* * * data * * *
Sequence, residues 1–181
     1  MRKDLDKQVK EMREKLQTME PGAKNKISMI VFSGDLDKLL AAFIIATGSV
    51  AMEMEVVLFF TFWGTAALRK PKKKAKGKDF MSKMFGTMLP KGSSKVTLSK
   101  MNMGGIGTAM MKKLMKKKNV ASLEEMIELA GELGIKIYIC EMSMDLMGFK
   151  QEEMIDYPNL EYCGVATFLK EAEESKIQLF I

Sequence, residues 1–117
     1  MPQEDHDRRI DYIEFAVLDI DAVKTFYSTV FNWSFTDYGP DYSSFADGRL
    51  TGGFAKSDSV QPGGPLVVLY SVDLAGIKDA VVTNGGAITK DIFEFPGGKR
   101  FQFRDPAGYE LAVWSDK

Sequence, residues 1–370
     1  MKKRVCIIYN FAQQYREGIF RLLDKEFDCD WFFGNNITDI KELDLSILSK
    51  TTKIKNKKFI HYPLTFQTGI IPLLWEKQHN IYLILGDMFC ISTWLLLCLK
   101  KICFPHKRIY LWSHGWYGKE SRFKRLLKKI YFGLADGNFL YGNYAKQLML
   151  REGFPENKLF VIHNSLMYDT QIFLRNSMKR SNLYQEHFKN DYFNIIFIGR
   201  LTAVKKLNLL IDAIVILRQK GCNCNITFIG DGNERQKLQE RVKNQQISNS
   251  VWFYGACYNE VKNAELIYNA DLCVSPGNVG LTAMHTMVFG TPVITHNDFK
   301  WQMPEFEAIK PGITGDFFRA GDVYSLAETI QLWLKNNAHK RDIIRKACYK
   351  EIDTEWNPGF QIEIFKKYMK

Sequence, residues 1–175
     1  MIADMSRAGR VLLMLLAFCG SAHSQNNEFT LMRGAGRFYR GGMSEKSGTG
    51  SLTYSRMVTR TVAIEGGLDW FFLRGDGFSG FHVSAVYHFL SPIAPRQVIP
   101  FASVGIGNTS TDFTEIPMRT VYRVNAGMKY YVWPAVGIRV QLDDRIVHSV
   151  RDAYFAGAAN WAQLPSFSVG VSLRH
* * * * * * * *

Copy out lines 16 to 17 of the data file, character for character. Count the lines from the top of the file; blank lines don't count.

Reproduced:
   251  VWFYGACYNE VKNAELIYNA DLCVSPGNVG LTAMHTMVFG TPVITHNDFK
   301  WQMPEFEAIK PGITGDFFRA GDVYSLAETI QLWLKNNAHK RDIIRKACYK